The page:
After a Cessna T210M experienced an inflight breakup in Australia last year, the FAA has issued AD 2020-03-16, effective March 9, 2020, for the visual and eddy current inspections of the carry-through spar lower cap. The AD isn’t isolated to M-model Centurion, but also applies to the 210G, T210G, 210H, T210H, 210J, T210J, 210K, T210K, 210L and T210L series.
According to the AD, corrective action includes replacement of the carry-through spar (if necessary), application of a protective coating and corrosion-inhibiting compound and also reporting the inspection results to the FAA. In the accident airplane, it was fatigue cracking that initiated at a corrosion pit (severe corrosion was also reported on other Centurions) that ultimately caused the wing failure.
Expect some teardown just to accomplish the initial inspection. This requires removal of the headliner, the oxygen plumbing and head protection foam pads from the spars and anything else in the way of an unobscured inspection of the full strut.
The issue shouldn’t be a surprise for 210 owners. The FAA issued an airworthiness concern sheet (ACS) on June 27, 2019, advising owners and operators of the accident and requesting relevant information about the fleet. Following the ACS, the FAA received reports of widespread and severe corrosion of the carry-through spar—something that should be a concern for anyone shopping the 210 market.
Moreover, investigation identified that these early-model airplanes were manufactured without corrosion protection or primer, increasing their susceptibility to corrosion. In the discussion portion of the AD, the FAA says the design of these early-model airplanes, where the upper surface of the spar is exposed to the environment, allows a pathway for moisture intrusion. Model 210-series airplanes were also delivered with foam installed along the carry-thru spar lower cap. The foam traps moisture against the lower surface of the carry-through spar cap, which can increase the development of corrosion, says the FAA.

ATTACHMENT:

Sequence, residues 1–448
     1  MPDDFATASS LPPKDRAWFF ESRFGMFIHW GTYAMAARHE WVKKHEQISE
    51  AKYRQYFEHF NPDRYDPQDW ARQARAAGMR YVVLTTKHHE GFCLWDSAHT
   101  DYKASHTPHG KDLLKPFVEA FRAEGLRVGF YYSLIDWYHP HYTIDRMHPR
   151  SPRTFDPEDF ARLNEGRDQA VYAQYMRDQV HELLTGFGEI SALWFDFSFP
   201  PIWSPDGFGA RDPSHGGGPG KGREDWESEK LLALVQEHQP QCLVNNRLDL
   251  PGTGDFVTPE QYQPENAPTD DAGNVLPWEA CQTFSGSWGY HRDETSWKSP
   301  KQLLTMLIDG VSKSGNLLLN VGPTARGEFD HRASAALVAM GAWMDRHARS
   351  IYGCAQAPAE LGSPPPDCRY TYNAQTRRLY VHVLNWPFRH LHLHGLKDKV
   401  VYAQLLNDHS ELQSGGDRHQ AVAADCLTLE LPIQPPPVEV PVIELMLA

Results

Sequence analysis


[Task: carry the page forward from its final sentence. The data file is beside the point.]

For more compliance data, see Textron Aviation Mandatory Single Engine Service Letter SEL–57–08, Revision 1, dated Nov. 19, 2019 (SEL–57–08 R1). This service information contains instructions for visually inspecting the carry-thru spar for corrosion, damage and cracks and for completing an eddy current inspection. This service information also specifies applying protective coating and corrosion inhibiting compound.
We covered the Cessna 210 series in the February 2017 Aviation Consumer Used Aircraft Guide.
If you do and need it to control your diabetes and want FAA medical certification higher than Class 3 criteria, there’s good news. The FAA published a notice in the Federal Register on risk assessment for the Diabetes Protocol given the progress that’s been made in treating and monitoring the disease.
Essentially it says that ATP and commercial pilots with insulin-treated diabetes mellitus (ITDM) might receive first- and second-class special-issuance medical certification for ATP and commercial flying privileges.
Worth mentioning is that since 1996 the FAA has allowed special-issuance medical certification for private pilots seeking third-class medical certification, but that just wasn’t good enough for ATP or commercial flying duties.
If you’re a diabetic on insulin and even if you only want a third-class medical, you can still apply under the old FAA protocol or this new one. For more, contact Marcia Alexander-Adams at firstname.lastname@example.org.